I don’t care what Instagram says, healthy eating isn’t fun and it certainly isn’t sexy. The truth is, ‘come to bed eyes’ should be more aptly named ‘sauvignon eyes’ because let’s face it, no romance ever blossomed over a wind-inspiring Green Smoothie. No babies were ever made after a playful evening of carrot batons and Wheatgrass shots. No dalliance into debauchery ever concluded with kale. No life-loving, adventure-seeking being ever said ‘hey, you know what’s really fun? Broccoli.’ (Unless of course, the broccoli is attached to the end of a bungee rope, or Snickers bar.) That’s not to say I haven’t tried to be green and lean. Every January I successfully detox for a week, and celebrate with a vat of Pinot Noir and a Chinese Takeaway for four, for one. But for the first time, I’ve got a legitimate reason to try, and I can’t find a legitimate reason not to. And so my foray into eating clean began with a hint of cynicism, a dollop of dismay and four sleepless nights.
The Super Doc (Doctor Lanham at the London Lupus Centre) suggested it was time to stop taking Tramadol because after three months, the stuff was doing nothing for my mojo. He also gave me a trial prescription for steroids in the hope they might encourage my immune system to perk up. Concerned that five days on the ‘roids would inspire immediate beard growth, an appetite for Call of Duty and a penchant wolf whistling, I decided that I should counteract chemicals with pure goodly goodness. I raided Amazon for books with (smug) pretty girls on the cover – they all seemed to be holding a yoga pose and green juice concurrently. Multi-tasking majesties. And their faces (smug faces) shone with the dew of their early morning Pilates, and their eyes sparkled, and their teeth twinkled and their plentiful hair curled like magnificent Unicorn manes. They glowed from their insides out, with livers exquisite enough to be worn as broaches and glistening clean colons that would make the most delightful necklaces. I didn’t just want to look like them, I wanted to be them (or at least wear their shiny organs as jewellery.) And as my salubrious sisters sang to me from their recipe book covers, I realised I shouldn’t have come off the Tramadol quite so quickly.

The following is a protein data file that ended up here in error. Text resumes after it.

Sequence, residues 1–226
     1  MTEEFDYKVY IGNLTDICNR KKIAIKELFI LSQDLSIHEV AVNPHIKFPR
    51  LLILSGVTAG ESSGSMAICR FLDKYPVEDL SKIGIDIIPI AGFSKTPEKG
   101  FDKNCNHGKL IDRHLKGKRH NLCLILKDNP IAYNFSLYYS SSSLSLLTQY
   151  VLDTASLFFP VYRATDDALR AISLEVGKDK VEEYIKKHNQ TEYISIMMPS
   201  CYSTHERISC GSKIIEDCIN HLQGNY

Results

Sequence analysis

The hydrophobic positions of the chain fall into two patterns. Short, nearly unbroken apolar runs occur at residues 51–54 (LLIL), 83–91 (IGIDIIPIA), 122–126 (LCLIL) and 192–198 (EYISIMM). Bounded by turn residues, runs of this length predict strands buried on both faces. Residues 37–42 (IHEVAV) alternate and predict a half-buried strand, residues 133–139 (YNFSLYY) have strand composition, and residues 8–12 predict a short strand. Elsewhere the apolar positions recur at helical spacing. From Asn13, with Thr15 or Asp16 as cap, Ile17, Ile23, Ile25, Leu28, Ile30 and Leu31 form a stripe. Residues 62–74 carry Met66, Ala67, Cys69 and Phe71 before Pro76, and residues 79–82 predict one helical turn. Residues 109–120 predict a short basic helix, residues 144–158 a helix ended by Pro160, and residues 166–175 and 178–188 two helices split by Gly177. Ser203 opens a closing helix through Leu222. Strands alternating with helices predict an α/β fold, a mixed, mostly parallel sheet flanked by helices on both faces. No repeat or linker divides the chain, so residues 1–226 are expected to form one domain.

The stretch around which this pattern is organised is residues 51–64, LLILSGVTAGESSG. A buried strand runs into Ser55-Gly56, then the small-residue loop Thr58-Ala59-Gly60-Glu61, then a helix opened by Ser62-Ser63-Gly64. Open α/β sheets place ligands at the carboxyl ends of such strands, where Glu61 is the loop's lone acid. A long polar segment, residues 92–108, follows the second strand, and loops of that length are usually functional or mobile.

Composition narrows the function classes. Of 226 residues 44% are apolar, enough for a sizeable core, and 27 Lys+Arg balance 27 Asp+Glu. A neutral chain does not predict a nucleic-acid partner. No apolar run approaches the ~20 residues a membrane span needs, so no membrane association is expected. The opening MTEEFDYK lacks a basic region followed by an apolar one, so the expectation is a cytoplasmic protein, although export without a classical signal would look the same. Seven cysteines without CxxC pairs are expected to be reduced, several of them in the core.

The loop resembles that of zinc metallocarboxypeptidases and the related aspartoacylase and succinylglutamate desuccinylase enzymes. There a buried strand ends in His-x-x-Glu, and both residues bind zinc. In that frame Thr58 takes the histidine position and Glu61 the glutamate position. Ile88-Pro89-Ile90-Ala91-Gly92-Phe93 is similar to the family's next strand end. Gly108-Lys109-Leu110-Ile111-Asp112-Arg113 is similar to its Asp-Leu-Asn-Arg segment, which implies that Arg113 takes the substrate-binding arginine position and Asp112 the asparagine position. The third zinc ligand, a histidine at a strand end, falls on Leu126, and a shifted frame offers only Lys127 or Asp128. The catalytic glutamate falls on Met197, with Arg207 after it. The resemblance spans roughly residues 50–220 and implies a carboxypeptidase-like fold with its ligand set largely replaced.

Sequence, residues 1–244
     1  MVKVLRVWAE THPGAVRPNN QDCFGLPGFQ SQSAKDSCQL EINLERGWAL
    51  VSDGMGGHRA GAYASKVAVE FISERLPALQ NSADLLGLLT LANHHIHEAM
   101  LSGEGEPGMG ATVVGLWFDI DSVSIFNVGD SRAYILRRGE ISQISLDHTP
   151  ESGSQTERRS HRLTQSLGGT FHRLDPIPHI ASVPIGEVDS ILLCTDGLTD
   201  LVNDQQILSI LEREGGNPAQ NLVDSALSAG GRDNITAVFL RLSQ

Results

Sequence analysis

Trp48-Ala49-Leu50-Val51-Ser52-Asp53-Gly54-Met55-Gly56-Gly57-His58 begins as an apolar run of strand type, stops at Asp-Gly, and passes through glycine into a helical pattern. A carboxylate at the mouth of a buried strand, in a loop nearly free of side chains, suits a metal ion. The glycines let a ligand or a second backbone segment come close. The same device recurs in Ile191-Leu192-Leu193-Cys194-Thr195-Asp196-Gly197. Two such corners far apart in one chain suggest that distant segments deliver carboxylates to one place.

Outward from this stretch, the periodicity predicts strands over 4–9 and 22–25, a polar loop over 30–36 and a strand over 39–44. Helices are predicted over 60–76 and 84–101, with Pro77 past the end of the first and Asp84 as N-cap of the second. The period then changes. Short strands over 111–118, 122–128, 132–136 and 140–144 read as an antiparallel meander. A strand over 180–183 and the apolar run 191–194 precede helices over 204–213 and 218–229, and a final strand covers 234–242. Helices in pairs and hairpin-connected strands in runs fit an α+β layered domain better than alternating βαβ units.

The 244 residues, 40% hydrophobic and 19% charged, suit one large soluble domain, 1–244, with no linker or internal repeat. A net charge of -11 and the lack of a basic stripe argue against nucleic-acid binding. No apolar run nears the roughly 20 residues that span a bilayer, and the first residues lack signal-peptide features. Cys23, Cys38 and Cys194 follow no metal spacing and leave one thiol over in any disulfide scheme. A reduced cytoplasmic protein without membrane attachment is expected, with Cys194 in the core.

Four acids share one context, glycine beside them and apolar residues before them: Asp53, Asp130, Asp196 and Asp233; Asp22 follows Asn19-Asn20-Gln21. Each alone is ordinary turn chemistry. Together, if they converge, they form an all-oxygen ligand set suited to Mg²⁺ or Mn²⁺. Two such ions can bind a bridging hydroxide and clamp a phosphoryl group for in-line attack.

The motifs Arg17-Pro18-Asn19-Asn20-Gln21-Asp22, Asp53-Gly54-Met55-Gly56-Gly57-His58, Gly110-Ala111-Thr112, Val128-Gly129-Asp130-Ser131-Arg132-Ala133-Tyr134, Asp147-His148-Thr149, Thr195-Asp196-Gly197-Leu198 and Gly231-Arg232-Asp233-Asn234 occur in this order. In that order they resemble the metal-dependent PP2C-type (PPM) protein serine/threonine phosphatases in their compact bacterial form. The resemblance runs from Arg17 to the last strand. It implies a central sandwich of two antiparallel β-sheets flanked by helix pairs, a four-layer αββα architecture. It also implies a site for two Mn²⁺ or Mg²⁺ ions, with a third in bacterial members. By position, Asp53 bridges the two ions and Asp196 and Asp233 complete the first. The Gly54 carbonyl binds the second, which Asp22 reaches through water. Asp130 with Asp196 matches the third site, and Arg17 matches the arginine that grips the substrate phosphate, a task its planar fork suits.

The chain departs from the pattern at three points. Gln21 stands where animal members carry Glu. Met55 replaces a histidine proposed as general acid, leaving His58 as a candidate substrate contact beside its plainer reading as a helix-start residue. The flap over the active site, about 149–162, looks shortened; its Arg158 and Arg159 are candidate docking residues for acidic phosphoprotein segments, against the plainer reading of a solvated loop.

For FOUR NIGHTS I lay awake, counting sheep until there were none left. My body ached with exhaustion, but how could I possibly sleep when I was so busy re-enacting scenes from Trainspotting? The Tramadol had taken more of a hold than I had thought and the ‘roids were preparing me for a wild night out I was never going to go on. A sleepless haze distorted my days but I was determined to carry on regardless. Getting dressed felt like participating in the Iron Man finals. Commuting to work was a mission to the underworld with Hades on my back. Eating was essential in order to take my pills, but it’s ever so tricky to fry an egg white omelette from foetal position. Life seemed to be getting harder and curly kale wasn’t helping. Narcotics and healthy eating is a juxtaposition Irvine Walsh obviously hadn’t considered when he was writing Trainspotting, which is a shame because I could have done with a point of reference and the glowing girls weren’t helping.
When I found myself waking up on Regent’s Street having fainted amidst indifferent tourists, it was time to head back to Super Doc (with an awesome new recipe for sweet potato brownies.)
Nothing says FUN like celery! (said no one ever)